There was no association of the CASP8 genetic variants with CRC in our case-control study. The CASP8 gene mRNA expression levels in cancerous and paracancerous normal tissues were similar and there was no significant difference between subjects with different genotypes and clinical features. However, we found that CASP8 protein level was significantly lower in cancerous tissues than in paired paracancerous normal tissues.

Conclusions

Our results suggest that the three CASP8 genetic variants may not be associated with CRC risk in Han Chinese from southwest China. Aberrant CASP8 protein expression may play a role in the pathogenesis of CRC.

Introduction

Colorectal cancer (CRC) is one of the most prevalent cancers around the world, with a 5-year survival rate of 30–65% [1]. Although the majority of CRC (nearly 80%) is sporadic [2], [3], about 35% of CRC patients can be attributed to genetic background according to the study of monozygotic twins [3], implying that both genetic and environmental factors have pivotal roles in the pathogenesis of CRC. Many people were exposed to environmental risk factors, such as smoking [4], drinking [4], unhealthy dietary and lifestyles [5], [6], but only some of them suffered from CRC, suggesting that genetic variations partially determine the susceptibility to CRC.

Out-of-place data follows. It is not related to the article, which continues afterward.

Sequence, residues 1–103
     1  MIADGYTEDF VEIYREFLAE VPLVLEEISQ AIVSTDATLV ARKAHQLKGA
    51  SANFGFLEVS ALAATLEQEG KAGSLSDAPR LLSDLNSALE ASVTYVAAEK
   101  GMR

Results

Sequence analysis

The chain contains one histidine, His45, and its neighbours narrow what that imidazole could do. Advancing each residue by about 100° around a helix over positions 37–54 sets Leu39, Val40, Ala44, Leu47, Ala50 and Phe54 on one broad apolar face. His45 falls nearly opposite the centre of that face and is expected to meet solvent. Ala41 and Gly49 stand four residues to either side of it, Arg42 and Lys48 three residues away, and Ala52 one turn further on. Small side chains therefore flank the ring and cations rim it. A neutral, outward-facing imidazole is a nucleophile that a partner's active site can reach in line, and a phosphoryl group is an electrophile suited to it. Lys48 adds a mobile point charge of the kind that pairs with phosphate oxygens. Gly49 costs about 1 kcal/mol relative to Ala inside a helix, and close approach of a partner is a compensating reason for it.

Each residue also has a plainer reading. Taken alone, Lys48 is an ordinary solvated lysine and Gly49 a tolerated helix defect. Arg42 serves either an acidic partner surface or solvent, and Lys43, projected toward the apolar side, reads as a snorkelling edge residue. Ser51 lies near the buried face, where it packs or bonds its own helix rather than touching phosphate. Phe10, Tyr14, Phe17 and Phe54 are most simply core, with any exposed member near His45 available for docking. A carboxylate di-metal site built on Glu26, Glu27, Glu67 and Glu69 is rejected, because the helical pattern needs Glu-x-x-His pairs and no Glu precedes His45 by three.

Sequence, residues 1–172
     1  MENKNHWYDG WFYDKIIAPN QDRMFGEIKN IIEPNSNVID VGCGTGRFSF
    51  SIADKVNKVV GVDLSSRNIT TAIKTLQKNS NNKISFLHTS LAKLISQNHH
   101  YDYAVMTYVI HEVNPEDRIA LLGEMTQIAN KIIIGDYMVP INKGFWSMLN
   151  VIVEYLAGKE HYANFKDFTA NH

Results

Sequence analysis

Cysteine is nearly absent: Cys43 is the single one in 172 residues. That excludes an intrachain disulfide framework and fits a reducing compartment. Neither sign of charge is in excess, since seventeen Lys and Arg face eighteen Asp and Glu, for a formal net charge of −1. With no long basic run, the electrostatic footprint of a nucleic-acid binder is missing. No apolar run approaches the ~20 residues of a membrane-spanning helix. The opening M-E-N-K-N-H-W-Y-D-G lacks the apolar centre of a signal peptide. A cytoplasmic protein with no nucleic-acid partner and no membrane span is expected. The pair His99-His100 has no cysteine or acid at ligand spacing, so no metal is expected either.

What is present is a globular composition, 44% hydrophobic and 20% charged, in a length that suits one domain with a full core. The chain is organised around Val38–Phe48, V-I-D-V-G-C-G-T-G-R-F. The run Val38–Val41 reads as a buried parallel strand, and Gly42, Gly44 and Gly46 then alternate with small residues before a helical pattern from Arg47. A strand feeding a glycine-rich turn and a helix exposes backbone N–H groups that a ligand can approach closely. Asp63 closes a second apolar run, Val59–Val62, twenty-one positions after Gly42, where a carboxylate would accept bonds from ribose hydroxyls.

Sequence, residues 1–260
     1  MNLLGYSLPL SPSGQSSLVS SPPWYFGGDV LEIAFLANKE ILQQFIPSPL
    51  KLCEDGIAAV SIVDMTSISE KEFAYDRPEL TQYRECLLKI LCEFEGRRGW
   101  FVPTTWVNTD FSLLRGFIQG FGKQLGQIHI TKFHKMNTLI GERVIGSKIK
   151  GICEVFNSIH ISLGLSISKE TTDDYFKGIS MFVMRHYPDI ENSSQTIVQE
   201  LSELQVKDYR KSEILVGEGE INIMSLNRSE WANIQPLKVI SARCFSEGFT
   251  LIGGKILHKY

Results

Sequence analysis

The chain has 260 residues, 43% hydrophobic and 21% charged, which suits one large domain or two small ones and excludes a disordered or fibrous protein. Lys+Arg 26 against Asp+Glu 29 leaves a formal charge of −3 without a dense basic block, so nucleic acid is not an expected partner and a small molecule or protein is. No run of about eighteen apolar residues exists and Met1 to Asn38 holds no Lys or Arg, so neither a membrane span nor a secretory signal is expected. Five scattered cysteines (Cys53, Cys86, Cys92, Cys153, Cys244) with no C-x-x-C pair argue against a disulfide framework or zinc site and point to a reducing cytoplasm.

Apoptosis, also called programmed cell death, is involved in maintaining tissue homeostasis, development and eliminating unwanted cells in multicellular organisms [7]. Dysfunction of this process would result in tumorigenesis [8]. Apoptotic cell death is mediated by a family of highly conserved caspases (cystein-dependent aspartate-specific proteases), which can be divided into “initiator” caspases and “effector” caspases [9]. There are mainly two apoptotic pathways in human: the extrinsic or receptor-mediated pathway and the intrinsic or mitochondrial pathway, both employ caspases cascade [10], [11], [12].

Caspase 8, encoded by the CASP8 gene (which is located on chromosome 2q33-q34 and has 14 exons), functions as an initiator caspase in the apoptotic pathway and a crucial defensive barrier against malignant proliferation and tumorigenesis [7], [8], [11], [13]. The indel polymorphism, rs3834129 (CTTACT/−, written as 6 bp/del in the following text), in the promoter region of the CASP8 gene was reported to be associated with susceptibility to a wide range of cancers including CRC in Chinese populations [14]. Although this variant was subsequently reported to be associated with the risk of coal workers and bladder cancers in Chinese populations [15], [16], the positive association was not replicated in subsequent large scale case-control studies in European and American populations [17], [18]. Genotypes TC and CC of another single nucleotide polymorphism (SNP), rs3769821 (T/C), which is also located in the promoter region of the CASP8 gene, was found to influence genetic susceptibility to non-Hodgkin’s lymphoma (NHL) in a pooled analysis of three populations from the United States of America and Australia [19]. However, this positive result was not confirmed in our recent genetic analysis for Han Chinese with NHL and luciferase assay [20].